The Most Dangerous Man in America
Daniel Ellsberg and the Pentagon Papers
Ehrlich, Judith; Goldsmith, Rick
Resource Type: Film/Video
Cx Number: CX11774
In 1971, Daniel Ellsberg, a leading Vietnam War strategist, concludes that America’s role in the war is based on decades of lies. He leaks 7,000 pages of top-secret documents to The New York Times, a daring act of conscience.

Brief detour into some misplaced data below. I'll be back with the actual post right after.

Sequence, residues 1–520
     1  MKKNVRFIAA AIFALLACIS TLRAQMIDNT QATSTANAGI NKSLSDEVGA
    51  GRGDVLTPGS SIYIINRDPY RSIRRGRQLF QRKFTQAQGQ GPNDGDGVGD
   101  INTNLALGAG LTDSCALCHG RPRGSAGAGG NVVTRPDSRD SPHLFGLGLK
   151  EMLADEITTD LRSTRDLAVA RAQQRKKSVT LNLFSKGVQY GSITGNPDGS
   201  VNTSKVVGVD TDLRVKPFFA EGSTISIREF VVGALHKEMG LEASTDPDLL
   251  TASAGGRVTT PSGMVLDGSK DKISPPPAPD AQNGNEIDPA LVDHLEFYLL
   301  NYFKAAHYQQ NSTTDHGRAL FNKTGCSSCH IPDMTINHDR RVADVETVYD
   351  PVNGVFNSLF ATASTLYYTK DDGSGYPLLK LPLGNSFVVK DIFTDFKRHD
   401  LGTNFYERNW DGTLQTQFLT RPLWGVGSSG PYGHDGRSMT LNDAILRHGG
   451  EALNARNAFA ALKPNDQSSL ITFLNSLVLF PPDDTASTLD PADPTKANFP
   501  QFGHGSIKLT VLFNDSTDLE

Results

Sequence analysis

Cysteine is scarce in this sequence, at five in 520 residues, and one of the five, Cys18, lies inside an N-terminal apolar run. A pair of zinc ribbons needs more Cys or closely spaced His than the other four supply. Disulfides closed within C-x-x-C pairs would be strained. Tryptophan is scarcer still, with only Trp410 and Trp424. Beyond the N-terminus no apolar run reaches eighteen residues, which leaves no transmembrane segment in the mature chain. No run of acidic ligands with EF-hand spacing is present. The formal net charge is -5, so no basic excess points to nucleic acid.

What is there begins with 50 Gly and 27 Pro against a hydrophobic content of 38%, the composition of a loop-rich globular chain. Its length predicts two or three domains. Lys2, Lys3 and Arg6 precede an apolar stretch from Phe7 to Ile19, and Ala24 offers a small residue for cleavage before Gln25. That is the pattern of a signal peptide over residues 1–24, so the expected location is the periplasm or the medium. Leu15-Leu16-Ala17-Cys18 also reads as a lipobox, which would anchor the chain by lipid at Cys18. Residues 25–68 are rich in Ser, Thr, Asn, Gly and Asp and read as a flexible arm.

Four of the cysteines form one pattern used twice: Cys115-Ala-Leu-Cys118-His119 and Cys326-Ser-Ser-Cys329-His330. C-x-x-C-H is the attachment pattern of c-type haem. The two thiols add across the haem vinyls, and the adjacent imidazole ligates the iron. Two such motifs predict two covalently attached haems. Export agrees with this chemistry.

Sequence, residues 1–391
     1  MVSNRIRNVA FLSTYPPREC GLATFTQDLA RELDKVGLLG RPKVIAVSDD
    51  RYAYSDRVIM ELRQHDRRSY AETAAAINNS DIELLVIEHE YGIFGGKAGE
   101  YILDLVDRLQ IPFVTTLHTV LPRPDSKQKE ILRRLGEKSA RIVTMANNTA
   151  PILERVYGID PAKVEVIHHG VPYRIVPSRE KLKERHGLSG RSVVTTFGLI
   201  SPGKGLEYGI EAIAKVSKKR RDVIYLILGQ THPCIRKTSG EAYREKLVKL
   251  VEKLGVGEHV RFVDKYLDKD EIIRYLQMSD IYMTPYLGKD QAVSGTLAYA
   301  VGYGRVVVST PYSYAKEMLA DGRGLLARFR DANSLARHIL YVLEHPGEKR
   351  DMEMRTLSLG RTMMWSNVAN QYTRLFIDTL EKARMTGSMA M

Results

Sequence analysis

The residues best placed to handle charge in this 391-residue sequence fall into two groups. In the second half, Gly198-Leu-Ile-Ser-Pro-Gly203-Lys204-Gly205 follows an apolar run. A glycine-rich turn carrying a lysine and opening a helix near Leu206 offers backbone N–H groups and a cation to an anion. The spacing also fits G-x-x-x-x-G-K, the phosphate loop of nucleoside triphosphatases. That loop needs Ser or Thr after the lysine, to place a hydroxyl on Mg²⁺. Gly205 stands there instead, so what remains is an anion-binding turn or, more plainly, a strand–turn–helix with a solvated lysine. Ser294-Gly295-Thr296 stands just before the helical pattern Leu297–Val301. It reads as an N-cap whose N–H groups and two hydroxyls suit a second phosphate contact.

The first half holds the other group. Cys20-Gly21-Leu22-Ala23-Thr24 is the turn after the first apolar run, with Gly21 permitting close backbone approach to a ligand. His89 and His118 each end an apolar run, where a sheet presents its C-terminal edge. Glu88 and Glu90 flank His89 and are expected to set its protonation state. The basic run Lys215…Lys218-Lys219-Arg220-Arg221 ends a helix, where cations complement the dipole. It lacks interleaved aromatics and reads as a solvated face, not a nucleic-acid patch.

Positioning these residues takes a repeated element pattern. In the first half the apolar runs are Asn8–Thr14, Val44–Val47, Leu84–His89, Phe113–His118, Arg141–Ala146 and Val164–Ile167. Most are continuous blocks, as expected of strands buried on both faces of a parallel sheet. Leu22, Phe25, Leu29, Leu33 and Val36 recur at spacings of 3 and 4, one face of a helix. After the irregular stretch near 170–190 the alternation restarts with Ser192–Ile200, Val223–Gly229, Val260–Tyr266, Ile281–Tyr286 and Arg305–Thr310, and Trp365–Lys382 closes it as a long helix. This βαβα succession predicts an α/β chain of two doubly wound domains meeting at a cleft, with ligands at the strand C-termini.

The Most Dangerous Man in America is a comprehensive look at the release of the Pentagon Papers and the political firestorm that may have sealed Americans’ disenchantment with the war, and which certainly sealed the fate of the Nixon Administration. But the film is also an intensely intimate look into the conscience of a gifted and intelligent man who wrestled personally and professionally with what he came to see as the contradictions between American ideals and American power in Southeast Asia. The story is illuminated with special insight from Ellsberg’s wife of 40 years, Patricia Marx Ellsberg; his son Robert (from a previous marriage), who as a boy helped with the onerous job of photocopying the voluminous papers; historian Howard Zinn, one of a group of radical academics who supported and befriended Ellsberg; and Ghandian peace activist Janaki Tschannerl, who helped Ellsberg work through his transformation from, as newscasts of the day put it, “hawk to dove.”